However there are disagreements, as its view that criminals are rational actors freely choosing crime conflicts with its view that their behaviour is determined by biological and socialisation. It also over-emphasises biological factors, for example, according to Lilly, IQ differences account for less than 3 percent of differences in offending. This shows that biological factors do not have a very big influence on crime and deviance. However, while biology may increase the chance of an individual offending, effective socialisation decreases the risk, since it involves learning self-control.
For right realists such as Charles Murray, say the best agency of socialisation is the nuclear family. Murray argues that the crime rate is increasing because of a growing underclass or ‘new rabble’ who is defined by their deviant behaviour and who fails to socialise their children properly. According to Murray, the underclass is growing in both the USA and the UK as the result of welfare dependency. This welfare state has led to the decline of marriage and the growth of the lone-parent families, because women and children can live off benefits.
This also means that men no longer have to take responsibility for supporting their families, so they no longer need to work. Murray believes that the absence of a father means a lack of male role-model breaking down crucial primary socialisation. For Murray, the underclass is not only a source of crime, but its very existence threatens social cohesion by undermining the values of hard work and personal responsibility. One says the problem is the government supports these people and encourages them to be dependent on the state. One radical decision that Murray says is to reduce or withdraw benefits.
However, if someone cannot work due to a disability, then they should be allowed to be dependent on the state for some money as they are unable to work. This theory talks about people who turn to crime due to being dependent on the state, but it ignores the wider structural causes such as poverty and the effect that has on crime in society. Socialising people into a crime orientated person is also a big factor of crime in this country. They argue the way young people are socialized contributes to whether they commit crime or not. A strict discipline in school and home encourages young people self-control.
This self control can have the person more control over what they do, so they may not engage in deviant activities. However, society has a growing culture of instant gratification (quickly getting what a person wants) which is a less effective learning environment for many young men therefore more likely to commit crime. The UK has got this society where people get what they want unlike many cultures. However, these people who get into a good school will learn better core values than people who cannot afford to get into school due to material deprivation.
So an informal control of better housing and education would be a good way to sort out his material deprivation which is socialising these ‘criminals’ into deviance. An important element in the right realist view of crime comes from rational choice theory which assumes that individuals have free will and the power of reason. Ron Clarke argue that the decision to commit crime is a choice based on a rational calculation of the likely consequences. If the perceived rewards of crime (money) outweigh the perceived costs of crime (prison) then they are more likely to commit.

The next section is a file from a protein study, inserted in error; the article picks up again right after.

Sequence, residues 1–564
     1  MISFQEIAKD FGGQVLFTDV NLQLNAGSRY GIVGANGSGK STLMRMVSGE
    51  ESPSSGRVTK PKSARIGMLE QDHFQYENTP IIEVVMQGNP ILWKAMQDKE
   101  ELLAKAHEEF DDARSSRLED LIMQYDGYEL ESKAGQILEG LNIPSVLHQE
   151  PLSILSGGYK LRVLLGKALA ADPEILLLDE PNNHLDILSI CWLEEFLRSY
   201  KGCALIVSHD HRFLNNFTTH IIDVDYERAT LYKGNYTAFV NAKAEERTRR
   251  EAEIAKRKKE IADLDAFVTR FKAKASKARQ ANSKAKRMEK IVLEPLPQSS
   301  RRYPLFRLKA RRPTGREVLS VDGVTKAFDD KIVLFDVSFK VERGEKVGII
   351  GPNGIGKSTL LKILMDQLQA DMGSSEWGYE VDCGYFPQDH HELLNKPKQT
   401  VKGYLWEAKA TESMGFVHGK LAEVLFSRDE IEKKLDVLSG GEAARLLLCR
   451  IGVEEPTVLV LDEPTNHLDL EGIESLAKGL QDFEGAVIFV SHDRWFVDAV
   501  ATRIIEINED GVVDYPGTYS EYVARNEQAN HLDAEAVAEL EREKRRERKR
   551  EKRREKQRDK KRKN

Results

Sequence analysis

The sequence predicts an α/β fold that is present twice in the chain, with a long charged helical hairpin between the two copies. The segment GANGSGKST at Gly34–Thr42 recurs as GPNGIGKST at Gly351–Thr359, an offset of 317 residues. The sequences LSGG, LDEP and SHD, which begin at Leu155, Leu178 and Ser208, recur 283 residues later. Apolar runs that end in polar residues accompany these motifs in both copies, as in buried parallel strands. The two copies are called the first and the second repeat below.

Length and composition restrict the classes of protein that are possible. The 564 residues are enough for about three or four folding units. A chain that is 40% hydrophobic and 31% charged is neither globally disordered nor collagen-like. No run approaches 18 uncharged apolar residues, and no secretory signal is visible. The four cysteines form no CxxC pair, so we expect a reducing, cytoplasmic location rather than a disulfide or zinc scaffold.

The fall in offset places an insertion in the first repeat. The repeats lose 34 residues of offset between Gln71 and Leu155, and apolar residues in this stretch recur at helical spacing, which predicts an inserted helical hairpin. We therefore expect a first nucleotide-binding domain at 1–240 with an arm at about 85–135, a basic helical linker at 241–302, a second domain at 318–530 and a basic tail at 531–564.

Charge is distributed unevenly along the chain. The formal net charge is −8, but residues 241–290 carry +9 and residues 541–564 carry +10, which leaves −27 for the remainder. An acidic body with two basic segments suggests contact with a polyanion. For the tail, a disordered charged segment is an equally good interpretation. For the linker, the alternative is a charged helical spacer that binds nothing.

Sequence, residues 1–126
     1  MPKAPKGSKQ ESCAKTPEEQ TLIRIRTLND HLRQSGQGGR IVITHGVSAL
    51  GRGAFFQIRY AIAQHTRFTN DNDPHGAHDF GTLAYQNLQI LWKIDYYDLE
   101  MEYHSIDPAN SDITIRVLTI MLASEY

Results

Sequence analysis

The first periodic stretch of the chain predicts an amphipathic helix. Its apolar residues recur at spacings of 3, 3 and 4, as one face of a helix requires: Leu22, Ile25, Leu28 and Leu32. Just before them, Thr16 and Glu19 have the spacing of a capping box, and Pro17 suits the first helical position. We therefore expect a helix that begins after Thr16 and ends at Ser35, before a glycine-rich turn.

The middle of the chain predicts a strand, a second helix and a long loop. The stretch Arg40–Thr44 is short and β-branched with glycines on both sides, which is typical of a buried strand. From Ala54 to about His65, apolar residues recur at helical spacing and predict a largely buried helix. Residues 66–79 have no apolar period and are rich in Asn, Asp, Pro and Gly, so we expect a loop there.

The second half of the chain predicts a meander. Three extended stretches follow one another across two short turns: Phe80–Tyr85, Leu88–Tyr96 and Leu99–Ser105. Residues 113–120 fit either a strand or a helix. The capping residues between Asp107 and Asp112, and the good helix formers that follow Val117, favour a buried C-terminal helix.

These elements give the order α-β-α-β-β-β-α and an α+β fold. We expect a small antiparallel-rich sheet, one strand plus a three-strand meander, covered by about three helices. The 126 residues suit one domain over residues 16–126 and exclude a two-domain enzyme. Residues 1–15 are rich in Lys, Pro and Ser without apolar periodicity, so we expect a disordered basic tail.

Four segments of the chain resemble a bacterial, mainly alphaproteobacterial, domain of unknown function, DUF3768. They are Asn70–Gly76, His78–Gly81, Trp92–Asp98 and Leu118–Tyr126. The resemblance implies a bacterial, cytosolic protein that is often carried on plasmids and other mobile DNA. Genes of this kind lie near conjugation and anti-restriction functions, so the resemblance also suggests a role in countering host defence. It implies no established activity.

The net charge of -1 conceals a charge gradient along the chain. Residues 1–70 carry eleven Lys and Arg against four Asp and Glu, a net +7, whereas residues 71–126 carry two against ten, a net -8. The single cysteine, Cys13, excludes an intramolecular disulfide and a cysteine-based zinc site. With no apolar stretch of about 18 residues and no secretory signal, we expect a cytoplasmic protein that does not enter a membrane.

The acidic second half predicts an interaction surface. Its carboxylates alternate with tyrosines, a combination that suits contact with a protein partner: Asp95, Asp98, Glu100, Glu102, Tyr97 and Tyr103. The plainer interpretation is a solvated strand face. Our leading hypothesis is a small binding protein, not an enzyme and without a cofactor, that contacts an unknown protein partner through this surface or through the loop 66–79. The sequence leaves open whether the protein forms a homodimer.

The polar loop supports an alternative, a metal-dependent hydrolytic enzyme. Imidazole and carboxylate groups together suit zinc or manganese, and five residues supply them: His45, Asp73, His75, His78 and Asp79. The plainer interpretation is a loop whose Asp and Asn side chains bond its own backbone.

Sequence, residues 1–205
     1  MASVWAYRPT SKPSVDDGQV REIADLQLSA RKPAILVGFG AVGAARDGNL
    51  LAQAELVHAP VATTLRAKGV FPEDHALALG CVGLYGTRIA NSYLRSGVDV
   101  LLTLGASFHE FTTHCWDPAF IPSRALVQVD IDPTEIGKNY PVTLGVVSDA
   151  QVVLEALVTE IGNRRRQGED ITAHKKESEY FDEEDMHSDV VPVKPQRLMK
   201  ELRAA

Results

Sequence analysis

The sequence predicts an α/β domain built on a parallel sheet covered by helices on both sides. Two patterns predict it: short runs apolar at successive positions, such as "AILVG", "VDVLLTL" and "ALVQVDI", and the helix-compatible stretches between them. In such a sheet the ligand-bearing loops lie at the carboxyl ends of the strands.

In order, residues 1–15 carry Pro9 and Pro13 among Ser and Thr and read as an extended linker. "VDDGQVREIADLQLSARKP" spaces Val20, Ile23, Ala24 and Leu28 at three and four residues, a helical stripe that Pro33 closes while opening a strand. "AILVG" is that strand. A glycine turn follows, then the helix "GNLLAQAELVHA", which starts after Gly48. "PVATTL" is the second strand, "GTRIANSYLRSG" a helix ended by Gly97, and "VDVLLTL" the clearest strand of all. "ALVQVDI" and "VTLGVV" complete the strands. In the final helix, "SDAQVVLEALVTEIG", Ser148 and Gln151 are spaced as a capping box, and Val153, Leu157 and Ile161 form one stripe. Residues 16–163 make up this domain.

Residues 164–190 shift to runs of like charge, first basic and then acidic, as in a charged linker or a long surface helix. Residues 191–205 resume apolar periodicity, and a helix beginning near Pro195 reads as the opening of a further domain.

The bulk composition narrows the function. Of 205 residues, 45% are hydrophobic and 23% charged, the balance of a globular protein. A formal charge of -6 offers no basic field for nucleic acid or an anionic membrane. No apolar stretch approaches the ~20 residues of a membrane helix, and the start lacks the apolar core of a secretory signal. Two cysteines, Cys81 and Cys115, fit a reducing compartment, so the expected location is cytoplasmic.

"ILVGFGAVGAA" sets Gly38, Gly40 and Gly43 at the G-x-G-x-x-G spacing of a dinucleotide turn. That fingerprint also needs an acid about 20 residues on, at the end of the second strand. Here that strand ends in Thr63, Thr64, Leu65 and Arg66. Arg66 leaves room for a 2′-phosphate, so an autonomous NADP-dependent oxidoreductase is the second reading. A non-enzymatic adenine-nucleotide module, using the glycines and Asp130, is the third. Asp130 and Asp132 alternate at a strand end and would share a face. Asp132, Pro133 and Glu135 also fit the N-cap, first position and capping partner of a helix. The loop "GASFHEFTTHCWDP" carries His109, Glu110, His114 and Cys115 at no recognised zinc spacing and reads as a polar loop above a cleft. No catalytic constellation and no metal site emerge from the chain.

Or if the rewards of crime appear to be greater that those of non-criminal behaviour, then people will be more likely to offend. Right realists argue that currently the perceived costs of crime are low and this is why the crime rate has increased. Marcus Felson argues that for a time to occur there must be a motivated offender, a suitable target (victim or property) and the absence of a capable guardian (police). However, Ron Clarke overstates offender’s rationality and how far they make cost-benefit calculations before committing a crime.
While it may explain some utilitarian crime such as robbing a bank, it may not explain much violent crime. Right realists do not believe it is fruitful to try to deal with the causes of crime, since these cannot be easily changed. Instead they seed to devise practical measures to make crime less attractive. Their main control is on control, containment and punishment of offenders rather that eliminating the underlying causes of their offending or rehabilitating them. Wilson and Kelling article ‘broken windows’ argues that it is essential to maintain the orderly character of neighbourhoods to prevent crime taking hold.
They say that any sign of deterioration, such as graffiti or vandalism must be dealt with immediately. The pair advocates a ‘zero tolerance’ policy towards undesirable behaviour such as prostitution, begging and drunkenness. The role of the police should be to focus on controlling the streets so that law-abiding citizens feel safe. Crime prevention policies should reduce the rewards and increase the costs of crime to the offender, for example by ‘target hardening’ (making public places more difficult to break into), greater use of prison and ensuring punishments follow soon after the offence to maximise their deterrent effect.
There are some criticisms of Wilson and Kelling’s idea of advocating a zero tolerance policy due to the fact that it gives police a free rein to discriminate against ethnic minority youth, the homeless and people underprivileged. It also results in displacement of crime to other areas. One theorists Jones notes that right realist policies in the USA failed to prevent the crime rate rising. It also overemphasises control of disorder, rather than tackling underlying causes of neighbourhood decline such as a lack of investment.